35. - champaigndweller - Friday, Feb 7, 14 @ 3:08 pm:

    Isn’t this sort of a chicken and egg argument? If people had good jobs, good restaurants would follow; or do good restaurants draw good jobs or people who hold those jobs?


  36. - mokenavince - Friday, Feb 7, 14 @ 4:04 pm:

    Decatur proves you can’t cut your self out of a depression. This town needs an infusion of money,
    Private or government.
    We should support what ever it takes to get towns
    like Decatur on their feet.
    It has always been a hard working town, and always will be.


  37. - Endangered Moderate Species - Friday, Feb 7, 14 @ 4:19 pm:

    Decatur is an example of why capitalism should not be confused with patriotism. The american manufacturing companies whom built Decatur became multi-national and they found cheaper labor in other parts of the world. They were not loyal to Decatur, Illinois or the USA. Like it or hate it, but this is how capitalism works.


  38. - Patrick Hoban - Friday, Feb 7, 14 @ 4:52 pm:

    Rich,

    We have little to no faith in a “Projection” Report that does not contact local officials to base its projections on. Or for that matter a report that has been wrong in the past (see last year’s projections) and does not disclose its source or methodology.

    Is there a chance our metro GDP is down from last year? Of course there is. We make things in Decatur which makes us a Top 25 Global Trade community in the Nation. Because of this distinction we rise and fall with the Global Economy.

    You are correct in that the Midwest Inland Port will have a major impact on the local economy being that it is the only one like it of its kind. Anytime I mention 3 Class 1 Rail providers in 1 privately owned ramp to logistic specialist they tell me it does not exist. It does and its Decatur’s. No one knows the possibilities because its unique and it is located in a 1 day truck drive to 95 million consumers without the wait time of major metros.

    As far as events we are home to the largest Street Festival in Central Illinois, The Largest Barstool Open in the Nation and the Largest Food Drive in the Nation. You can find live Music every weekend, comedic acts such as Tommy Davidson and Jim Belushi, and multiple young professional groups.

    When it comes to “no apparent effort by city leaders to get anything going” I would like to offer you some examples…

    LAKEFRONT DEVELOPMENT PROJECT:
    A partnership project between the City of Decatur and the Decatur Park District to develop Decatur’s Lakefront. Project plans includes new boat docks, miniature golf course, amphitheatre, running trail, hotel, retail & residential developments.

    DOWNTOWN REVITALIZATION: ¬
    $14 million Downtown Streetscape Project represents a public development imagined as the next step in efforts to bring a new look, feel and energy to the city¹s Central Business District. The three-phased plan is bringing new sidewalks, landscaping, lighting, recreational opportunities and other amenities to Downtown Decatur. Perhaps more importantly, it has already spurred a return to prominence of the city¹s downtown in the form of new businesses and jobs, entertainment options and the creation of a ³new² downtown that is now a destination for both local residents and visitors alike. In an effort to halt the downtown decline being seen by cities across the country in the early part of the decade, the Decatur City Council approved a massive capital improvements program downtown, the likes of which had never been seen in this Central Illinois jewel of a community.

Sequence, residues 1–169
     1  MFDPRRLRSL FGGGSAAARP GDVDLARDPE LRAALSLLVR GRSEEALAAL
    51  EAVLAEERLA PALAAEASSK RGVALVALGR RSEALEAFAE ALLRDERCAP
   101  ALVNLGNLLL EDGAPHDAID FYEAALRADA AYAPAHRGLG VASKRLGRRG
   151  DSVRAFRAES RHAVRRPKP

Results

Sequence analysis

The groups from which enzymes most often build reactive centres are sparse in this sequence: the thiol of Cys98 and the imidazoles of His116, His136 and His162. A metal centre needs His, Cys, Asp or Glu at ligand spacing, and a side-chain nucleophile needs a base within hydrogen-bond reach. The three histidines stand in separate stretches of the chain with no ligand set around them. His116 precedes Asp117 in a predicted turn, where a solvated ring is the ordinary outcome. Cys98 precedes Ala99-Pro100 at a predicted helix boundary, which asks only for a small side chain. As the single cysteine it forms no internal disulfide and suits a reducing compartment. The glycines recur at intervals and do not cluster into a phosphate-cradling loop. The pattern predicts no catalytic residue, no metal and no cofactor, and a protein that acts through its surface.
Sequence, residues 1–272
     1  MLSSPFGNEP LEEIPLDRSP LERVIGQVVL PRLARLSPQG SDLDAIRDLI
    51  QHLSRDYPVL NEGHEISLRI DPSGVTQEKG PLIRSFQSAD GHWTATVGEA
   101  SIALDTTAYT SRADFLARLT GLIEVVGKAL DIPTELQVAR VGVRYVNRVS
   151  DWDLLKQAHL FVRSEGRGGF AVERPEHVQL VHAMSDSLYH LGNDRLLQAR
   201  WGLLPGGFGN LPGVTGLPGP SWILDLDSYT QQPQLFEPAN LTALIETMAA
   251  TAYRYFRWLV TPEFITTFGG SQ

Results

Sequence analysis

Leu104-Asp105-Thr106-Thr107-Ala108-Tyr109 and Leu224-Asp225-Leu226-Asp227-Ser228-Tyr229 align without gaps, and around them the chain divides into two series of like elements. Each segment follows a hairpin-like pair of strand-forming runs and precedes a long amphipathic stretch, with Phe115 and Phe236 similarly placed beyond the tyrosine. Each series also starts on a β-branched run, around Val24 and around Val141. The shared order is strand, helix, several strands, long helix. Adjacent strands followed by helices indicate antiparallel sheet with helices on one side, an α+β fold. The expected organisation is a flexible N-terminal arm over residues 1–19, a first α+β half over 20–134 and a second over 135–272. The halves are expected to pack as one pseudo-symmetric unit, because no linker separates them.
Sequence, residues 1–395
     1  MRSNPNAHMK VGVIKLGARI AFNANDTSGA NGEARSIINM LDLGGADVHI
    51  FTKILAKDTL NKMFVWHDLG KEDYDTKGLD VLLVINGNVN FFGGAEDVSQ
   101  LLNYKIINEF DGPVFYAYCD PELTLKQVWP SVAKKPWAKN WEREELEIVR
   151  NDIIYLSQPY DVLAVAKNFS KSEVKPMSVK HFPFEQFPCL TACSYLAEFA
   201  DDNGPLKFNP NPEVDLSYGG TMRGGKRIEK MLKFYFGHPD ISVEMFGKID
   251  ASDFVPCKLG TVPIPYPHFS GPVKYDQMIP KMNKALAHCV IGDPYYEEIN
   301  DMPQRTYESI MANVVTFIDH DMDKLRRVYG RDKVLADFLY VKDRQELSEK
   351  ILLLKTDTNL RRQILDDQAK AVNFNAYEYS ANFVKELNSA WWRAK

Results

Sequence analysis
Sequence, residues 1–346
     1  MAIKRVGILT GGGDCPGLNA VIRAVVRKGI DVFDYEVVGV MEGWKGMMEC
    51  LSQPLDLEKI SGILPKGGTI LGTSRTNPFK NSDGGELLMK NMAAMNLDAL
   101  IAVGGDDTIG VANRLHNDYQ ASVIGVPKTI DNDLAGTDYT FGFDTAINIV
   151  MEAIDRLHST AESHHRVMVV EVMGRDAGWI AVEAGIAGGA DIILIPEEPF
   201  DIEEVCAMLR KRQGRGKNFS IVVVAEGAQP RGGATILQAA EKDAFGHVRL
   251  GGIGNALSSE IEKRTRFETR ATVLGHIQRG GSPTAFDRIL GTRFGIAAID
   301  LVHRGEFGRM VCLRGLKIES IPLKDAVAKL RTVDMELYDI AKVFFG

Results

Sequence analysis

HIGH SCHOOL RENOVATION PROJECT:
    $76 million renovation project of both District 61 High Schools.

    RICHLAND COMMUNITY COLLEGE EXPANSION PROJECT:
    $16 million project that includes building additions, renovations and the new Workforce Development Institute.

    MILLIKIN UNIVERSITY RENOVATION PROJECT:
    $1.4 million project that includes artificial turf, lights, track and new scoreboard.

    POLICE HEADQUARTERS DEVELOPMENT PROJECT :
    Decatur is currently renovating a site to serve as the new Police Headquarters.

    LAKE DECATUR, HUNTING AND FISHING:
    Decatur remains one of the few cities in the country with its own inland lake, the City¹s primary water source and a hotbed of year-round water recreation activities including swimming, water skiing/jet skiing and, of course, fishing. The Lakeshore Landing redevelopment project, now underway, promises to make the shores of Lake Decatur an activity center year round as new restaurants, shops, housing, and other lake-based activities will represent a draw for both locals and visitors from across the Central Illinois region. The City also has a very active hunting community both along the lake and throughout the area (deer, duck, turkey, etc.) with its heavily wooded landscape, varied temperatures and multi-faceted terrain.

    DECATUR PARK DISTRICT:
    The Decatur Park District currently plays host to more than 7,500 youth and adult athletes as part of a number of locally run programs including baseball, soccer, softball, tumbling, wrestling, basketball, Special Olympics and others. This is in addition to a number of golfers in leagues that compete on the city¹s three award winning golf courses including Red Tail Run, a recently opened signature course designed by legendary PGA Hall of Famer Raymond Floyd. Be sure to visit www.decatur-parks.org for details on park district programs.